Creative Fingerplays cover

Fingerplays for the Emotionally Disturbed

Creative Fingerplays and Action Rhymes: An Index and Guide to Their use
Defty
1992

Submitter: I am a newly-hired youth services librarian for a public library branch that had been without a children’s librarian for nearly 3 years. While evaluating my library’s professional development collection, I came across [this book]. Most of the information in this book is fairly standard for the subject: chapters cover developmental milestones for various ages, suggested fingerplays and rhymes, and some sample craft ideas. All of these fingerplays themselves are now nicely organized and demonstrated on sites such as Jbrary. And since 1992, a number of excellent trainings like Supercharged Storytimes have been developed and made available for youth services librarians. This 30-year-old book, therefore, was unlikely to get much use at my branch. Regardless, I felt the need to browse the book and discovered the sample page I’m including here on serving “mentally retarded and emotionally disturbed children.” Um, we don’t use those terms anymore, and I’m kind of surprised they were still being used in 1992! Even my colleague at my branch who hates the idea of weeding anything agreed this title had to go.

Holly: Sometimes it’s easy to miss books like these, that still have some value. I’m sure the actual fingerplays are mostly fine. It’s these hidden sections, like the one you submitted, that can be overlooked. You can always photocopy the pieces you can still use and recycle the rest.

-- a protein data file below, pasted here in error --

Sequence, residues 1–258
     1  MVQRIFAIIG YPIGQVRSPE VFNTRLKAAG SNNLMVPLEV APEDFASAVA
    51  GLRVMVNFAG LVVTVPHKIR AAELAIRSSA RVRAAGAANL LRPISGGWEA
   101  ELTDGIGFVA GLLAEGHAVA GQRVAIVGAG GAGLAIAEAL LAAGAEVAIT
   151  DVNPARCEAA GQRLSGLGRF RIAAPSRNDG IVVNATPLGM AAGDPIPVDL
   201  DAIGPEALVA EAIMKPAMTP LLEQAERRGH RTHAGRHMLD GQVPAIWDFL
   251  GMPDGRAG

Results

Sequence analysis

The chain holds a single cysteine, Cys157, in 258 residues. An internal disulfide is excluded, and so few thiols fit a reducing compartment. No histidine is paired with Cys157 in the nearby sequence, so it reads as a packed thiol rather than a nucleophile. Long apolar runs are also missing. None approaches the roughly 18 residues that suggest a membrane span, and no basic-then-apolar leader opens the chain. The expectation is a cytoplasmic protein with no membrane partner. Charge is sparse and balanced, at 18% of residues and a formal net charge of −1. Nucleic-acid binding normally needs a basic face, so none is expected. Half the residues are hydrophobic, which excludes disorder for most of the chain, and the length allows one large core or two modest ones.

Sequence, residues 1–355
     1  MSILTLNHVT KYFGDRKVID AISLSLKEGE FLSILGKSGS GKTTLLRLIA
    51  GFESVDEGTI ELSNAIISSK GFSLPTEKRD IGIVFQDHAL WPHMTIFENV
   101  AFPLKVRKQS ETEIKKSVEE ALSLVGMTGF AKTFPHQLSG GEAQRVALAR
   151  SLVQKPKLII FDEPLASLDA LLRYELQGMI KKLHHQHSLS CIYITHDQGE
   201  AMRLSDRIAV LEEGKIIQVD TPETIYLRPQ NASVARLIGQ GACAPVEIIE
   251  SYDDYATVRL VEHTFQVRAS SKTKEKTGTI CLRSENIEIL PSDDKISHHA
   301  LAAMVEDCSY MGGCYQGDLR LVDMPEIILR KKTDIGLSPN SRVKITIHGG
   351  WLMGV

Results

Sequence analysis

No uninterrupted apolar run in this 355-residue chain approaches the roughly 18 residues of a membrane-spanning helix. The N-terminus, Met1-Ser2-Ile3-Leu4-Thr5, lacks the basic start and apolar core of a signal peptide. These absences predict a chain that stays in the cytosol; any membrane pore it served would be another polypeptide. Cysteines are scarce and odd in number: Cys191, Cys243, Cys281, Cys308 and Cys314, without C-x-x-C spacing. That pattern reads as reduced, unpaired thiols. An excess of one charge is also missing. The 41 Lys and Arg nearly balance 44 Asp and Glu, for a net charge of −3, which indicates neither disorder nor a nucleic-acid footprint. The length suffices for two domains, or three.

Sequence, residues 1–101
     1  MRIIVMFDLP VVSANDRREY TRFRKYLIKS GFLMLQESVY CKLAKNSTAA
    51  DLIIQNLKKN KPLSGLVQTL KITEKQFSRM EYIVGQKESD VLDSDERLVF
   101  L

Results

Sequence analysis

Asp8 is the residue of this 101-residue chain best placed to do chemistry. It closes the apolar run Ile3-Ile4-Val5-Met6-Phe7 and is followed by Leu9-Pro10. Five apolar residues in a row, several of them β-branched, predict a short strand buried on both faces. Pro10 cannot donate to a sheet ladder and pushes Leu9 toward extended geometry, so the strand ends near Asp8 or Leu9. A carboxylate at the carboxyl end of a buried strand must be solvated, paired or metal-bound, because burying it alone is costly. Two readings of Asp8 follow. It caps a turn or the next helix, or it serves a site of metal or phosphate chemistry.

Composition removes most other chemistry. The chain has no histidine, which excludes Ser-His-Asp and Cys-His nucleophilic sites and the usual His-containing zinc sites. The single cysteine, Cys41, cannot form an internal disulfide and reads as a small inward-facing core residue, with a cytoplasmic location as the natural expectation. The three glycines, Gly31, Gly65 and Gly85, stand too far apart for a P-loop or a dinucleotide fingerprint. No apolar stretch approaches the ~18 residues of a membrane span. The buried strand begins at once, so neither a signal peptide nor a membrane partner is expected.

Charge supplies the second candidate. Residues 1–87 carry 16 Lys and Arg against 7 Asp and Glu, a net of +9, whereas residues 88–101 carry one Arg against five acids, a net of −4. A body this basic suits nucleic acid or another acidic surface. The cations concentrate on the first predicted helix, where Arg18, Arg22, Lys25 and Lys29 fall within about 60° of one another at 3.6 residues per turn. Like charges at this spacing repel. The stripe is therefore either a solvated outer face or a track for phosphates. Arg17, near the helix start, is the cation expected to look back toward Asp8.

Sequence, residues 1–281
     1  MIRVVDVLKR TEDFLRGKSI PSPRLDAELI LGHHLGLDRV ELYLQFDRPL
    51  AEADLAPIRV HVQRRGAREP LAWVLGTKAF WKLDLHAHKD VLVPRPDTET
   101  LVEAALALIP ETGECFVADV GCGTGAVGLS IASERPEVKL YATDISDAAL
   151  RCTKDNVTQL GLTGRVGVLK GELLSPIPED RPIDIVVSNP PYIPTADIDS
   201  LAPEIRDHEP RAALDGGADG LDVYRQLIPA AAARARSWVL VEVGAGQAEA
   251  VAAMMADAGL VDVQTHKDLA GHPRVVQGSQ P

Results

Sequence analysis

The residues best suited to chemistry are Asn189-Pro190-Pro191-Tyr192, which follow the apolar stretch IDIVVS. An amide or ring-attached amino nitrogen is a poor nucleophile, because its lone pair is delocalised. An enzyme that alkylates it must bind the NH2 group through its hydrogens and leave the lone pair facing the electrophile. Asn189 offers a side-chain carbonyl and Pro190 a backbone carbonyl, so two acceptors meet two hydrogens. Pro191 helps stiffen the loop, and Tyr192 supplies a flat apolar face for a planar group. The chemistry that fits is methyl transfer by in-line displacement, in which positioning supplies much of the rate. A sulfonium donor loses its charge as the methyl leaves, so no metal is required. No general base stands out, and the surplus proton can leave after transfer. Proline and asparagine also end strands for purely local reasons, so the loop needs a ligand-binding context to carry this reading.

Bram Stoker cover

Bram Stoker is Possessed

The Man Who Wrote Dracula: A biography of Bram Stoker
Farson
1975

Submitter: This may not be so much an awful library book as it is an awful book cover. We can see from an inside photo that Stoker was a decent looking guy, so why the demonic possession eye treatment? I’m guessing the publishers wanted to ride The Exorcist wave as this book was published in 1975 after the 1973 film release. Better yet, the author was the great nephew of Stoker, so you think he’d want to honor his relative rather than make him look like an evil character. We have plenty of other (better) Stoker biographies so this one had to go.

Holly: What a strange choice of cover art! I swear I’ve seen this cover before, actually, but it’s not part of my library’s collection and I don’t see it in a previous ALB post. That’s a face you don’t forget, though!

Olympic Spirit cover

Nude Olympics

The Olympic Spirit: 100 Years of the Games
Wels
1995

Submitter: Aside from being 26 years old, I also noticed this had quite an eye-catching image on the frontispiece. Was he performing a Rhythmic Ribbon routine and had a mishap? And what’s with the guy peering in from behind him ?